FFA club is blooming

Published 6:00 am Wednesday, October 14, 2020

The Cumberland County Public Schools (CuCPS) Future Farmers of America (FFA) and agriculture programs are experiencing a transformation that is instilling positive change and growth in students.

This growth is the product of a year of hard work from students, parents and CuCPS FFA Advisor/ Agriculture Instructor Joshua Fleenor.

Fleenor became a part of the CuCPS team in October of 2019. The school’s agriculture program had gone through a period of several years in which teachers were coming and going. There was plenty of work to be done when Fleenor arrived.

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From day one, Fleenor set out to establish change in the ag program, encouraging group participation and bringing a sense of creative unity to the club. FFA is part of the agriculture curriculum at the school, and he wanted to really inform kids of all FFA has to offer, creating structure and expanding the club by developing outreach to students who hadn’t considered it before.

“We really work hard to change the perception of what the agriculture program is to the students,” Fleenor said.

Fleenor said FFA gained seven new members last year, and both students and parents stepped up and helped out to make positive change take place.

The COVID-19 pandemic, of course, threw a wrench into things. The FFA, according to Fleenor, is meant to be a student-led organization. However, remote learning made club operations difficult as a structure wasn’t already in place for the club to navigate itself without heavy involvement from the advisor.

That hasn’t stopped progress, though. According to Fleenor, agriculture students at Cumberland have just finished the FFA unit in their first six to seven weeks of school. This education included covering parliamentary procedures, awards, degrees and other things FFA has to offer students.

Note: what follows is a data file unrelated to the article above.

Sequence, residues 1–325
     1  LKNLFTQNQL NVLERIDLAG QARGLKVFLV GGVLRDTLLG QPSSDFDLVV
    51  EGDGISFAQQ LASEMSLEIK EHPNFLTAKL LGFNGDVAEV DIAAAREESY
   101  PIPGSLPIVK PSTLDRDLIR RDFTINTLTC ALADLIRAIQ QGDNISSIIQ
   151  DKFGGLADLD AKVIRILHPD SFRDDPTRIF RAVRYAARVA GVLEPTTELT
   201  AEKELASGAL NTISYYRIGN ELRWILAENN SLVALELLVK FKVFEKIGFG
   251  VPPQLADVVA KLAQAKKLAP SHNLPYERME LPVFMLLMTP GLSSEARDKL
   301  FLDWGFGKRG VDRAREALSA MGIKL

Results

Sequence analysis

He said the new online curriculum has been challenging but enjoyable.

The club was also able to meet once in person this summer for an informal banquet where club officers were recognized, the first time such an event was held for five years or more.

Fleenor said the club is preparing to partner with Delma’s Pantry in Cumberland in order to live out one of the most important parts of FFA — giving back to the community. The duo will hold a community stew and a Halloween trunk or treat this month.

Another key element of this year’s learning, Fleenor said, is getting students to all participate in SAEs (supervised agricultural experiences.)

The product of one of those SAEs is currently visible in the form of a giant sunflower as residents drive past the Cumberland Middle School.

The sunflower is a part of the 2020 Hay Bale Decorating Contest put on by the Virginia Farm Bureau Women’s Leadership Committee.

Fleenor said the contest is typically done through the state fair which was canceled this year due to the coronavirus. Instead, this year’s entries are being judged virtually.

When parents forwarded Fleenor info on the contest he saw an opportunity to bring the kids together for their first big project.

“They all jumped on board,” he said.

Fleenor donated a hay bale from his own farm and used the school’s carpentry shop to cut giant petals out for the sunflower. Students gathered Saturday, Sept. 26, and together painted the petals and built the sunflower. He added students made sure to wear masks and socially distance in order to safely enjoy the activity.

In front of the hay bale the club chose to display an encouraging quote that they felt relates to the current crisis the world is facing: In a world full of darkness, be a sunflower.

Fleenor said the display will remain up for residents to enjoy well after the competition closes Nov. 1 unless weather takes it down sooner.